(Podcast Squared: This is our first post in the “Blog” section of the site. It comes from Jenny Stracener the author of the Podcast Listening Log )
Jenny Stracener.: How did you and Andy get started in your podcasting adventure?
Elizabeth Laime: A few years ago we were on a road trip, listening to Too Beautiful To Live and This American Life. I was in a bit of a funk having recently moved to LA from NYC and having decided to stop performing and focus on writing. The writing, while fulfilling, is also incredibly isolating, as is Los Angeles until you get the hang of it. I felt like after having been a part of something at UCB- NY, I was completely out of the comedy loop and it dawned on us that we could use Andy’s recording equipment (he’s a record producer) and my friends from comedy and just do something creative to put out and see what happens. It almost started as a joke, we were thinking that we would do a few episodes and have no listeners and go from there. That was true, around episode 16 we still had only 60 listeners! But by then we loved doing it so much, so we kept up with no expectations – we never could have expected for it become as popular as it is now
JS: You guys were the winners of the first season of The Earwolf Challenge, a quite impressive feat, for sure. As listeners, we got updates on the show through the coaching & judging sessions, but how was the process on the opposite side of the mic? Did it completely take over both your lives or were you able to balance that and everything else you do (writing, Andy’s job in the music world,etc)?
EL: In a way it did take over our lives. It was actually quite a time consuming thing, on top of doing our regular podcast – I can only imagine what the producers (Frank Capello and Peter Moses) had to contend with – it was a very ambitious undertaking on their end, in terms of workload. The other way it took over was that I sort of got wrapped up in the judges critiques and the negative comments on the forums and online. It’s a weird thing to have this podcast thing you do – and it is just you being you – get critiqued. I let some of that get in my head which was sort of a downward spiral. Luckily Andy has his head on straight so he was able to keep me from crumbling into a useless floor blob.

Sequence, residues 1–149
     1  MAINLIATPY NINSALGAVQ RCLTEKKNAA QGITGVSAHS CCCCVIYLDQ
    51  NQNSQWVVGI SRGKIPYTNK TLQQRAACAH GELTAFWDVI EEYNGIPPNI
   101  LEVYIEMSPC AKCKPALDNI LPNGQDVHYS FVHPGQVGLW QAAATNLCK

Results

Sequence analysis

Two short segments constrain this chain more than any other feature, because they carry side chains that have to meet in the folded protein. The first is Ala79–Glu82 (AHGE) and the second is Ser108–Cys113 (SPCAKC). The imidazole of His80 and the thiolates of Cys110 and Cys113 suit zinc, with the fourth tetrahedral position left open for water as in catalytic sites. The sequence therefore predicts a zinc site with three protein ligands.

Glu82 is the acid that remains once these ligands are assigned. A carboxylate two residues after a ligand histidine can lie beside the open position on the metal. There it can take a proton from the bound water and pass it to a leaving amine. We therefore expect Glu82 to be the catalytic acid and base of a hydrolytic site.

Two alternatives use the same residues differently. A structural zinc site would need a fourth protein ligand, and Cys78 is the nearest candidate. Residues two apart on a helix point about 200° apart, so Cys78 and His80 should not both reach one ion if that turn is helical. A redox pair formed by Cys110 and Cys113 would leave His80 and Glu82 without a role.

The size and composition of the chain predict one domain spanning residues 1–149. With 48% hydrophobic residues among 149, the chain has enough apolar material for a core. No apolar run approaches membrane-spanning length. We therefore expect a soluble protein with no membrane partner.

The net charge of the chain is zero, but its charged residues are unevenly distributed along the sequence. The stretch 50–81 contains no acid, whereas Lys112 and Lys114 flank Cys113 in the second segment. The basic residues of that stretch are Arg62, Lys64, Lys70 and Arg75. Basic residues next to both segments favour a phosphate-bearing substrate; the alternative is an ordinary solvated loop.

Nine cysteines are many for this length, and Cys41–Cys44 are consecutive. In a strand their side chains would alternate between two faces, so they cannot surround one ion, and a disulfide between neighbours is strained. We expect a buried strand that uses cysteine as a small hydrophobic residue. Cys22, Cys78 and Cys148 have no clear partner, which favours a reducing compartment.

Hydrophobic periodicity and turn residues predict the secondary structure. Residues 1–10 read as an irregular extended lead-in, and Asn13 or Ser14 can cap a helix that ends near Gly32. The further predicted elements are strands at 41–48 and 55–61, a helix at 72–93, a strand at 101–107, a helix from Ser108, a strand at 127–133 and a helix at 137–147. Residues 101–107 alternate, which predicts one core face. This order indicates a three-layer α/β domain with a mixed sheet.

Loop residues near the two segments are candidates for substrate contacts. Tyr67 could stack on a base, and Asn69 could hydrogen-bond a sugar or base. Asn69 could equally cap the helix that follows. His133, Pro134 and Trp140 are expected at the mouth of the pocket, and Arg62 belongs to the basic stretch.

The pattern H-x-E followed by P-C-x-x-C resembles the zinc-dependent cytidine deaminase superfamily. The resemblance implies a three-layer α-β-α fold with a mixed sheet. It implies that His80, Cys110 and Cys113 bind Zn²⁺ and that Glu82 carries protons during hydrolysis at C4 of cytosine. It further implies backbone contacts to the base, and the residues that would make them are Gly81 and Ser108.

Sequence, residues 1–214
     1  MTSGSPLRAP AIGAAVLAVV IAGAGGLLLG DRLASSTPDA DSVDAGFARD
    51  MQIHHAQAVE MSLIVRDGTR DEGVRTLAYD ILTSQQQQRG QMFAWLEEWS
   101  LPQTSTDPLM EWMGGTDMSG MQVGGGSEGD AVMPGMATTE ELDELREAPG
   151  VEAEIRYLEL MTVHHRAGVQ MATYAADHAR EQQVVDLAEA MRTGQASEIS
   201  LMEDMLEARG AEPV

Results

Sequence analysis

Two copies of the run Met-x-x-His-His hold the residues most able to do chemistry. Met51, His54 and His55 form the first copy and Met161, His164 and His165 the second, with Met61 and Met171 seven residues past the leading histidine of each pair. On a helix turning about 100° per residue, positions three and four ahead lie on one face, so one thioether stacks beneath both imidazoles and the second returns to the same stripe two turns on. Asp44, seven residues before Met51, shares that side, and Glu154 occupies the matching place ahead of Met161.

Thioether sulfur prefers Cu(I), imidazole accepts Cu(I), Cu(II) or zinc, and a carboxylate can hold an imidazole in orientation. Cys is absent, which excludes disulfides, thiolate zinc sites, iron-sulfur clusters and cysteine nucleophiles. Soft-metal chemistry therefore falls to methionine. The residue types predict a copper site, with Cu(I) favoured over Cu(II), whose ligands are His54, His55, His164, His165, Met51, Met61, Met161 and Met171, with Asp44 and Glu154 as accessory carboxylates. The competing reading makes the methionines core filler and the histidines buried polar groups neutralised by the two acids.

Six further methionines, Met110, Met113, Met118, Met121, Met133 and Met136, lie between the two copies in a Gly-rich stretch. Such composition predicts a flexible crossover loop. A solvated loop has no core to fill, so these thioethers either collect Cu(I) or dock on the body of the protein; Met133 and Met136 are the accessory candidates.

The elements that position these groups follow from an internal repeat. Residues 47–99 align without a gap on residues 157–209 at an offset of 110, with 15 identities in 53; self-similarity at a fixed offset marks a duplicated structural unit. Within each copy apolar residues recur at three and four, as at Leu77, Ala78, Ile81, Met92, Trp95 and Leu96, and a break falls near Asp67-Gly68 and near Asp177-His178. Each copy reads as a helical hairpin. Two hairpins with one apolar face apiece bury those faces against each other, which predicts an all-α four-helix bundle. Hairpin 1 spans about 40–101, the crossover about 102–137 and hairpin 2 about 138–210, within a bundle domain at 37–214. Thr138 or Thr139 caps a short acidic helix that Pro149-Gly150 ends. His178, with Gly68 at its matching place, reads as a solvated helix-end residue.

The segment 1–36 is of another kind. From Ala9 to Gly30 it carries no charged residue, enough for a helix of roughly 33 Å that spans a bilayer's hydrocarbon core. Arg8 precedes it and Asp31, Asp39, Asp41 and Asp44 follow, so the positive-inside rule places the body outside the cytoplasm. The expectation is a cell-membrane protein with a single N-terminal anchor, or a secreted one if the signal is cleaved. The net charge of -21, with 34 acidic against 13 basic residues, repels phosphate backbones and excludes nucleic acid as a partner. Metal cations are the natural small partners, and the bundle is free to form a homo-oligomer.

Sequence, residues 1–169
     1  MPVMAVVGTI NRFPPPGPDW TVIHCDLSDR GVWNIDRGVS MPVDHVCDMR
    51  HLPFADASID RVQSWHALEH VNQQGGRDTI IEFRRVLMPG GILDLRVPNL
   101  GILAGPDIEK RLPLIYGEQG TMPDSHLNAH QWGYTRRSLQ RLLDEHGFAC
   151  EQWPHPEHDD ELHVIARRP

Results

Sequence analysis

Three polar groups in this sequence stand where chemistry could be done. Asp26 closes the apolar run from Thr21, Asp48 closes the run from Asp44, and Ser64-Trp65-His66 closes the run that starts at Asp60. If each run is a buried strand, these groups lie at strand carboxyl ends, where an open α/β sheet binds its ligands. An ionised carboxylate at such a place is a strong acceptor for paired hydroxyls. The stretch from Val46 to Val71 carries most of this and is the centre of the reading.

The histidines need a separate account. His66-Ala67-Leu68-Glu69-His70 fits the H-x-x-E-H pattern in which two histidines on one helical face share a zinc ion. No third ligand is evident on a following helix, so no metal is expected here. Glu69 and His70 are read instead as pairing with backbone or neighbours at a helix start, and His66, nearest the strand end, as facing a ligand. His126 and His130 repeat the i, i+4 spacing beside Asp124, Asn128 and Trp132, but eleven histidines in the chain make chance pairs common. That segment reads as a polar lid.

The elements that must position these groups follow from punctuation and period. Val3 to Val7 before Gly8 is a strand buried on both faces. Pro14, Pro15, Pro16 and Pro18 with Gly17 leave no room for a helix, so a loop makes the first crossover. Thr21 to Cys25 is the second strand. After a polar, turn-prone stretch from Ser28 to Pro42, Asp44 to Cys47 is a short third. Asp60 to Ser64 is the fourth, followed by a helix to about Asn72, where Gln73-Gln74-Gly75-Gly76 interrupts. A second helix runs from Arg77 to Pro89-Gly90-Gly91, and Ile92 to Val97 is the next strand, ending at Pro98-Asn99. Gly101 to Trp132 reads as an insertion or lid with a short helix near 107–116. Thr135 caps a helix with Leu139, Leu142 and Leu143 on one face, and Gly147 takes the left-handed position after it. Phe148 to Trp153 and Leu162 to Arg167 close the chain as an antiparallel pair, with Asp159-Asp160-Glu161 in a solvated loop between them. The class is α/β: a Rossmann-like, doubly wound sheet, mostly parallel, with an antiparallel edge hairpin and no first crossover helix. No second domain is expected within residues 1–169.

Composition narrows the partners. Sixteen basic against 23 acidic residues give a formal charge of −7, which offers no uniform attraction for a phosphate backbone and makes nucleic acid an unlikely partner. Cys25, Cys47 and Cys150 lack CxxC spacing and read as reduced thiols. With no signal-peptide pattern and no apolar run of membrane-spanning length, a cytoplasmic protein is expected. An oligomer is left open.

JS: While we’re on the topic of Earwolf Challenge, besides gaining more listeners, what are some other effects the Challenge has had on the show?
EL: Yep – The listeners and getting to work with the awesome people at Earwolf have definitely been the two biggest perks. It also doesn’t suck saying that we’re an earwolf show – gives us a bit of a podcast boner JS: How do you feel in your position of being a representative of comedic,interesting & really smart ladies on the scene today? Any words of wisdom you would like to pass along to ladies who are wanting to get into podcasting, writing, comedy or other things of that nature?EL: Am I?! This is the first I’ve heard of this, and now I must go scream with joy and possibly masturbate… Okay, I’m back. So, wow! Thanks. It feels good. I take this as the highest compliment because truly I think women are ever so slightly superior (except for my husband, Andy, who is a far better human being than me and anyone else). My words of wisdom are this: Ladies! We rule. We are funny and smart and never ever need to feel inferior to dudes in any way, especially in comedy. So let’s support each other! The idea that men are funnier has been perpetuated by unfunny men and made us to feel like we need to compete with each other to be the funniest lady. We should all just do our thing, write our books, act our asses off, create our shows and then staff and cast each other in everything. I don’t know where I would be today without all my awesome, funny, talented lady friends who keep me afloat every day.
JS: Where did the idea for one of my favorite podcast segments, the Oprah Game, come from? What do yu think O would have to say about it?
EL: That was one of the first things I thought of when we decided to do the podcast. I think it started as a joke with Andy, who said that I could be the Oprah of podcasts. I take back that the previous question included the highest compliment because the actual Everest peak of a compliment to me would be that I am my generation’s Oprah. I adore her. Some people take my fanaticism as ironic because it’s “not cool” or “mid-western soccer mom” of me to like her. I don’t care. I LOVE OPRAH!! I love her! I DO! wait… what was the question?